Lawsuit reform is a highly controversial topic at the moment. There are many movements to try to cap medical malpractice awards since people blame doctors’ insurance costs as a reason for expensive healthcare. However, what people often don’t see is that the doctors’ insurance which is reserved for medical malpractice awards actually generates a nine-digit profit for these “non-profit” insurance companies. This significant surplus begs the question: so is the rising cost of healthcare really benefitting victims of medical malpractice or the administration?
In the early 1970s, the Pennsylvania Legislature established a non-profit medical malpractice insurance company that would serve as a carrier for those physicians in the Commonwealth who could not find insurance anywhere else. While the obvious question might be “why couldn’t these doctors find insurance anywhere else?”, the legislature nonetheless saw fit to utilize tax dollars to establish this insurance company of last resort. The Professional Liability Joint Underwriting Association (JUA) was created as an independent nonprofit entity under IRS Code 501(c)(3), which is typically reserved for charitable or non-profit organizations that are not part of governments.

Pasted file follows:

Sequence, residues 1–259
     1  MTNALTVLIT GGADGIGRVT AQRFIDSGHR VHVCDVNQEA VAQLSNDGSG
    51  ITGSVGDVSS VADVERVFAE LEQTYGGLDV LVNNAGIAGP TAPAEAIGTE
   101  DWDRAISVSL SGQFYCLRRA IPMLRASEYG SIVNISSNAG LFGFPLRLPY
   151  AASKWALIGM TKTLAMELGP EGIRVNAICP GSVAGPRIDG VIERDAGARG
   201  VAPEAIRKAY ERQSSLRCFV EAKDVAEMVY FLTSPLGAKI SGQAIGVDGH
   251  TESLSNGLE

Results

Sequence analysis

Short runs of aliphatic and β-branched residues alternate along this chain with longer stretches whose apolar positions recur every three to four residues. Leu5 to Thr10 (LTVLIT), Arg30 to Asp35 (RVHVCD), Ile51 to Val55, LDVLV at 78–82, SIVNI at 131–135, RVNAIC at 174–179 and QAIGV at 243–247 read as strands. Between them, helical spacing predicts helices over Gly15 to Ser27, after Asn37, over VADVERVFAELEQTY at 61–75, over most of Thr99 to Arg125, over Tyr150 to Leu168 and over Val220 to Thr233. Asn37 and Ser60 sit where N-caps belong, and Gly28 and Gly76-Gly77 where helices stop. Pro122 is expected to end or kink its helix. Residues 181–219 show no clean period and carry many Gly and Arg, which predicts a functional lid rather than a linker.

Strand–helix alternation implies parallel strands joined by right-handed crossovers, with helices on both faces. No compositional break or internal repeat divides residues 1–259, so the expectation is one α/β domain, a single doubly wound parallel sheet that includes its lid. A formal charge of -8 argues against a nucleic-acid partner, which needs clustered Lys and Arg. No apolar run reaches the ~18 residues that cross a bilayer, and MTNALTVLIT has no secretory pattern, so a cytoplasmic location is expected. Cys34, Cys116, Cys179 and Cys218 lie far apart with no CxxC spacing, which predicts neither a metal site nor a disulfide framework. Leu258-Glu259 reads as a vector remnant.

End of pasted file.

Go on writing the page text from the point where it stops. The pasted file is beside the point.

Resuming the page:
Remarkably, this nonprofit insurer of last resort has become quite profitable. Between 2004 and today, its net assets have risen fivefold, and currently, the JUA is sitting on surplus assets of approximately $268 million.
Given the fact that the entity was created in an effort to provide low-cost insurance to doctors who were having difficulty obtaining coverage in the open market, perhaps it’s time the Legislature revisited the entity it created some 40 years ago, as the Commonwealth could use a spare $268 million to offset other costs in the healthcare system.
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